Free, cheap, and desperate
The Windows 7 Upgrade Option Program is a promotion under which customers who buy a PC equipped with Vista Premium, Business, or Ultimate between now and October will be eligible for a free upgrade when Windows 7 ships. It's designed to prevent the usual drop in demand for a current OS that precedes the launch of the next generation -- a critical move in the middle of a recession, when no one's buying anyway. To further stoke interest among folks not interested in picking up new hardware anytime soon, Microsoft is pricing pre-orders for Windows 7 Home Premium at $49 and Professional at $99 -- as close to fire sale pricing as we've ever seen on a Windows product.
What does all of this posturing and price manipulation mean? Simple: The writing is on the wall, and Microsoft will do anything it can to protect its Windows franchise, even if it means killing off one of its own. Vista's the new sacrificial lamb. Given how well pre-release versions of Windows 7 have been received, it's in the company's best interest to finish off Vista as quickly as it can and shift everyone's attention to Windows 7.
The company needs to move fast, because the age of selling a full-featured OS that fetches a triple-digit price is drawing to a close. We run applications, not operating systems, and Apple's $29 upgrade for Snow Leopard signals just how commoditized the OS has become, and how little the average cash-strapped consumer or business owner is willing to pay for it. While you still need an OS to run the hardware that allows you to get online and run the applications you need, the slow evolution of increasingly network-centric computing points toward a future where what's powering our hardware is less important than it is today.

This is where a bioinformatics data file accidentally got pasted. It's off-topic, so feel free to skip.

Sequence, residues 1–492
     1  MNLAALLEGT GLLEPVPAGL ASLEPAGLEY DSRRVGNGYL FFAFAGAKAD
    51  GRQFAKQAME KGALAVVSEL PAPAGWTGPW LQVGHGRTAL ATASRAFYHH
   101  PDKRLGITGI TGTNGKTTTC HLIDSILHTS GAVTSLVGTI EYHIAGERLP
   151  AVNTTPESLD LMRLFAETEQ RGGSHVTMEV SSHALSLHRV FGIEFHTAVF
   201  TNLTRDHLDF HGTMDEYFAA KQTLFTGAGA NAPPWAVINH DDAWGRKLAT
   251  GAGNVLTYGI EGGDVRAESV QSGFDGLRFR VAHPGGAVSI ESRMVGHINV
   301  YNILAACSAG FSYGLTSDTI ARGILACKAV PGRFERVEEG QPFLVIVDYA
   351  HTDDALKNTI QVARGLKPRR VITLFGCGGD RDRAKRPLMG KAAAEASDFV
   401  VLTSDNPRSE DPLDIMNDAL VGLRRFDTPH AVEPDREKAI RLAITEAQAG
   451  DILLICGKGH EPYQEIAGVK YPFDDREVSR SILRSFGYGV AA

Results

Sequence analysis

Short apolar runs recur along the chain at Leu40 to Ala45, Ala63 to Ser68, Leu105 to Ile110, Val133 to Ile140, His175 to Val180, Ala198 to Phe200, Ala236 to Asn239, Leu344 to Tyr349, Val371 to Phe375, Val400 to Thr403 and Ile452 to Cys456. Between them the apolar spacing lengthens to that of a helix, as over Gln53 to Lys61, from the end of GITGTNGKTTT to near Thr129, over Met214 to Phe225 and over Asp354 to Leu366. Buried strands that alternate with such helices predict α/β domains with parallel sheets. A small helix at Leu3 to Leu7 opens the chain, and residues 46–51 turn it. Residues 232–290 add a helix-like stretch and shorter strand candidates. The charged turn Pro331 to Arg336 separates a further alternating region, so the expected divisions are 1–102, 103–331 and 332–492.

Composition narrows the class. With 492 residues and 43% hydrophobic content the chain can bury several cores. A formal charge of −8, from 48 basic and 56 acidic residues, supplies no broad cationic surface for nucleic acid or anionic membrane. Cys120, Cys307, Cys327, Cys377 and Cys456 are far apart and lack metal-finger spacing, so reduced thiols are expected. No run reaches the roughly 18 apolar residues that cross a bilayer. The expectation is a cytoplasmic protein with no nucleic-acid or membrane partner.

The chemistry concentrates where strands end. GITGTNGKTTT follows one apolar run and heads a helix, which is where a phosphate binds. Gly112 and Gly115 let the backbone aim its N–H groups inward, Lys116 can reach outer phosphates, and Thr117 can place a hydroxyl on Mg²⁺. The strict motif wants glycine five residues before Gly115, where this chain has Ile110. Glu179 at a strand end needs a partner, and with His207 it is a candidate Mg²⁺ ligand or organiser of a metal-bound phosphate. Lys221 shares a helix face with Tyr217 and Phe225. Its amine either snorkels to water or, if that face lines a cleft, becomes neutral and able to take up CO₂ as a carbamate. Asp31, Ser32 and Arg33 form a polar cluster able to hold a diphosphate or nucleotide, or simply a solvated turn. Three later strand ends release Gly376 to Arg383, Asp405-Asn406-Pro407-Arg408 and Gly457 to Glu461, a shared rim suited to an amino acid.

Tomorrow's operating system won't be the headline-grabbing, Mick Jagger-attracting retail superstar that Windows once was. As long as it connects all the underlying pieces together (and stays out of our way while doing it) that will be enough. A leaner, meaner, cheaper Windows 7 bridges Microsoft toward this somewhat uncertain future. Likewise, big and brash Vista no longer has a place in the line-up, hence Microsoft's all-hands effort to make us forget it ever existed.